1. Good words, Dale. As one who’s still relatively newly married (just passed two years), those words still strongly resonate with me. I hope I never lose the newness of it. And I’m really thankful for examples right in front of me (you and Renee, the Powells) that have been through a ton together, but still have that newness. So, thanks.

    Oh, and I love that Buechner is your favorite author. Just sayin’.


    1. Layne – we occupied the same space but didn’t talk much yesterday. I did hear Lisa say, just before your departure, “Husband, what are you making for dinner?” Your response was something like, “I’m not making anything for dinner. What are you making?” I’m not sure what happened next, but the next phrase I caught was from Lisa, with something about Cinnamon Toast Crunch.

      That’s a good sign things are going well!

      With common loves like Paul, the Powells, Buechner, Over the Rhine, and mewithoutyou, I’m pretty sure that you and I are really good friends just waiting to recognize it.


      1. My dad told me that having a child gave him a clearer picture of the reality of how much God loves us and how is is forever longing for our best interest. I know parenthood will likewise take my understanding to a deeper level, but in the meantime marriage has definitely been a looking glass into how love plays out in the everyday decision to willfully, intentionally, and with a tender heart put someone else above yourself. Layne makes it easy most of the time, but when my selfish, independent tendencies capture my thoughts the Holy Spirit reminds me of the covenant I made, and graciously fans the flame of my desire to please and honor my worthy God and love and serve my stellar husband. So yeah, marriage is awesome. As an aside, I am also quite happy that Buechner is your favorite author. Frankly, had I known this I would have pursued friendship with you long ago, but better late than never I reckon. Have you read “The Longing for Home”? I read it when I was enduring a dark season of my soul and that book was part of my rescue. I love that guy and the beautiful, poetic way he expresses divinity and humanity with such depth and such simplicity at the same time. He is on my list of people to meet and he is getting old, so you should pack up the kids and the Petersens and drive us to the Buechner home.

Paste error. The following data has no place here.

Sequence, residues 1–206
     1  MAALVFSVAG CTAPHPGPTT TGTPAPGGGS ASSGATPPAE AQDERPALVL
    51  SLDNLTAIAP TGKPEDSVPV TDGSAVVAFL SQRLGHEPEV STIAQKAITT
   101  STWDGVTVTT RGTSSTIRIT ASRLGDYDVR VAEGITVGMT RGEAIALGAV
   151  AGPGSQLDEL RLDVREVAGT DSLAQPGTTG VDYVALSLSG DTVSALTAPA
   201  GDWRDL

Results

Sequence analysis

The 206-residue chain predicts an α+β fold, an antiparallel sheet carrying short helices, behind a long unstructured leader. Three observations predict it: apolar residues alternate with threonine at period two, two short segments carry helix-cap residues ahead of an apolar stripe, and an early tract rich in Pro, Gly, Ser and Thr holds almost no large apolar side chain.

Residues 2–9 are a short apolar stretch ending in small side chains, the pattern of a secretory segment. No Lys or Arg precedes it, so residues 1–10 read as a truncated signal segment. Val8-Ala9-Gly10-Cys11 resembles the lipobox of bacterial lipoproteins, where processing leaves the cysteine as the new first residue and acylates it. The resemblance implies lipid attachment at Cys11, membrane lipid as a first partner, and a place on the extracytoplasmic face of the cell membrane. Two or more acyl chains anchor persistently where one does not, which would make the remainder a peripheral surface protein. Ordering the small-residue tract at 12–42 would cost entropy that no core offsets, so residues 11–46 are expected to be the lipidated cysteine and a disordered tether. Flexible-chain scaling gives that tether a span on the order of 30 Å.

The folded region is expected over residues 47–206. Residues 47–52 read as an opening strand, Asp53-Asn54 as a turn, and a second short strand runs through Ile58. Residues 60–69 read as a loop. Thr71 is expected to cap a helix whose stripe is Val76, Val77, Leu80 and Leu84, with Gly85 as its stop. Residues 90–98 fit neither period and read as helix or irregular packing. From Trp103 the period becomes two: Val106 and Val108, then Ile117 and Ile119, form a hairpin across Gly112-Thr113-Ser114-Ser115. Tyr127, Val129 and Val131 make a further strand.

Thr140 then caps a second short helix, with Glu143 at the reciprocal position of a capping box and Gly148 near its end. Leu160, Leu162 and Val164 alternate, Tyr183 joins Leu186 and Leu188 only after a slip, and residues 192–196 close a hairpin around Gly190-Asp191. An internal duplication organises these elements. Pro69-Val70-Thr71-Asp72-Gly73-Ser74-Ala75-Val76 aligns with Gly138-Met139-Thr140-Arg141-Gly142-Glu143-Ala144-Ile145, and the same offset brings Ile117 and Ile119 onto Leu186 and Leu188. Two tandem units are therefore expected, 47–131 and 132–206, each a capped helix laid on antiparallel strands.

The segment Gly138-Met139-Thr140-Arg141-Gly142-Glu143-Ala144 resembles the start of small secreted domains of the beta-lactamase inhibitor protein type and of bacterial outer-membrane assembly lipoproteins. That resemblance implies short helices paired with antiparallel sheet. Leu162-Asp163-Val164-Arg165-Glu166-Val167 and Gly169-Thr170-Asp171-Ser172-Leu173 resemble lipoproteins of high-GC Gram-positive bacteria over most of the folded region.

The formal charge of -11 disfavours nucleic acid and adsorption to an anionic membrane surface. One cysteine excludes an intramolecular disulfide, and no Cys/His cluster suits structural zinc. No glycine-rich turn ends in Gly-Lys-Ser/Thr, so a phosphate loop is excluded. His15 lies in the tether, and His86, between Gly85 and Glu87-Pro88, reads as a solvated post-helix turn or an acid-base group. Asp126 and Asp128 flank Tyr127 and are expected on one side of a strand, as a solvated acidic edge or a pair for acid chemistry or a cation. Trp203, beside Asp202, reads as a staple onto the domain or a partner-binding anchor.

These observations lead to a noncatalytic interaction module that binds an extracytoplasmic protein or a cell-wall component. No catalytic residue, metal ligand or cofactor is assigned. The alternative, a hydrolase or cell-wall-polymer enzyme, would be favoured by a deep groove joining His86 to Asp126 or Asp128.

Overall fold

2. Dale, I am so glad you posted this for us to read again and again, even though we were honored enough to have heard it in person as well. Its good stuff and always good to hear.


  3. I’m glad I was able to hear this in person, Then read it afterward as well. It’s really interesting how I have had many conversations over the last month about the commitment part of the marriage vows. Thanks for posting this to refer to and print out and frame and hang on my wall.


  4. Lisa – I know it’s way too cheesy to actually say, but I’m pretty happy to find your name and comments here. I’m just sayin’. For a long time, I’ve been holding my breath waiting for good conversations with you. I know you don’t believe me, and that breath holding part is just a figure of speech anyway, but it’s true.

    So yeah, about the Buechner fellow . . . don’t tempt me. I soooooo want to be stalking him. Katie and Hannah and I are going to that area in October and I’m trying to figure out how to fit in a detour to Vermont to track him down. I have daydreamed about meeting him for years, and I’m scared he’s going to be gone before I do, so don’t tempt me with that crazy road trip idea. I’m already doing the math.

    I haven’t read The Longing For Home yet. Long story . . . we’ll talk someday. Thanks!